With as many as 65 million Americans reportedly signed up as Amazon Prime members, it’s not surprising that consumer attitudes have changed with regard to what is meant by “fast shipping.” According to Deloitte’s 2016 Holiday Survey, “consumers have redefined fast shipping to be two-day delivery.” During 2015, 63 percent of consumers considered “within 3-4 days” as “fast shipping,” but by 2016, that figured had dropped to just 42 percent. Deloitte’s researchers cited Amazon Prime as a key factor in this change in attitude, as customers have grown to expect options and service inherent to Amazon’s model.
But meeting these expectations has been a challenge for many online retailers who suddenly find themselves tasked with reconfiguring warehouse and inventory strategies and developing logistics solutions to ensure fast, on-time delivery. Many have opted to open more warehouse facilities located near urban areas that are close to end consumers. This generally means an investment in inventory, which can dramatically drive up costs.
Others rely on expedited levels of service that prioritize fast delivery and exceptional last-mile service. In fact, certain logistics providers have developed solutions specifically for eCommerce shipments that offer guaranteed 2- to 3-day delivery but at a lower price point than what is normally associated with expedited service. These logistics providers are able to leverage their courier and parcel services to ensure seamless small package delivery to consumers’ residences and business addresses.
Expedited Services Are A Key to Customer Satisfaction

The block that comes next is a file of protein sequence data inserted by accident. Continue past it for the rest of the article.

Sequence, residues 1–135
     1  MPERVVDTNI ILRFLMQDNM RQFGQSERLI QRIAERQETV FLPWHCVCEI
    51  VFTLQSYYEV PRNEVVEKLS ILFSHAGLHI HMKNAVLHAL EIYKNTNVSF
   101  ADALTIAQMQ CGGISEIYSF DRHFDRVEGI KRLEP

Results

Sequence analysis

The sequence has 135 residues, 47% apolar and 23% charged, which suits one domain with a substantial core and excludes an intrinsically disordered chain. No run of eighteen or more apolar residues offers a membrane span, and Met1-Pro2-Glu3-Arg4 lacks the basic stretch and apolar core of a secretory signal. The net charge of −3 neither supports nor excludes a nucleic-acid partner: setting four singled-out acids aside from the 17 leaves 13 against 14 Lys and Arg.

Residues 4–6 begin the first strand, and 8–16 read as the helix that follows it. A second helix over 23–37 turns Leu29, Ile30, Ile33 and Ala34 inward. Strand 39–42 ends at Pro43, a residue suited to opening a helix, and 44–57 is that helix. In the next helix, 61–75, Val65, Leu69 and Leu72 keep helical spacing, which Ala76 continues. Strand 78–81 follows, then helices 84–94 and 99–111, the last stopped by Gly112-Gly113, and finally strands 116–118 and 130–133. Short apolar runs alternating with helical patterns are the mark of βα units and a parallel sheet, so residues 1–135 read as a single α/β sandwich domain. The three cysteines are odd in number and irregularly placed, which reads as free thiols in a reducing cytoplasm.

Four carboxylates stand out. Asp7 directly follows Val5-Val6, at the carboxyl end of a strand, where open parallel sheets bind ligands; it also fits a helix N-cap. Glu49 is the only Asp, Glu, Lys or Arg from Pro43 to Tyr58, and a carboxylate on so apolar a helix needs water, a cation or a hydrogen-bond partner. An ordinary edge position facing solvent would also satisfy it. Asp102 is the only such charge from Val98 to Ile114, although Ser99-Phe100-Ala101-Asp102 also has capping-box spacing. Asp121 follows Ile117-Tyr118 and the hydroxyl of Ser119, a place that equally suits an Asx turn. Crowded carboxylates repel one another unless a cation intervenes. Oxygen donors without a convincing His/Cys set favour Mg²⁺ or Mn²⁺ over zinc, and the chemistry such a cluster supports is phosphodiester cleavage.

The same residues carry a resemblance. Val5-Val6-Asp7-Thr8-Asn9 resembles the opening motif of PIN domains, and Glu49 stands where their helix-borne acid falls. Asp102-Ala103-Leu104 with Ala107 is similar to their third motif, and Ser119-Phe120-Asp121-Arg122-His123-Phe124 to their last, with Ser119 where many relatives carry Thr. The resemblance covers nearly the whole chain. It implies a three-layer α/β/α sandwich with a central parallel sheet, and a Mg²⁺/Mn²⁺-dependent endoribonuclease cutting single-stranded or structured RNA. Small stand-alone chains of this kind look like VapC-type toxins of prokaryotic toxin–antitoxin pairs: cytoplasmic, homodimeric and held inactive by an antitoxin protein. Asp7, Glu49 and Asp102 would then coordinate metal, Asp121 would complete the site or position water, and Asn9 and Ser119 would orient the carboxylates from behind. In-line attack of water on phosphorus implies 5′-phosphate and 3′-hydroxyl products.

And as “customer experience” evolves into the key battleground for attracting and retaining customers, expedited service allows a business to distinguish itself from competitors. According to analysis from Forrester Research, as competition continues to heat up for online customers, businesses will have no choice but to invest in better service options as a way to secure customer loyalty.
This tends to be a wise investment since, as Gartner Group research points out, it costs up to 10 times more to lure and win over a new customer than it does to retain an existing one. And a 5 percent increase in customer retention rates can increase profits by 25 percent to 125 percent.
Contact Purolator International: A Leader in Expedited Shipping Solutions
At Purolator International, we specialize in delivering custom, innovative solutions to our customers. Our extensive network across Canada and the United States enables us to deliver time-sensitive shipments, including emergency next-day deliveries.
For more information on the benefits of partnering with our team at Purolator International, contact us online today. We look forward to partnering with you and delivering the top-quality customer service we’re known for.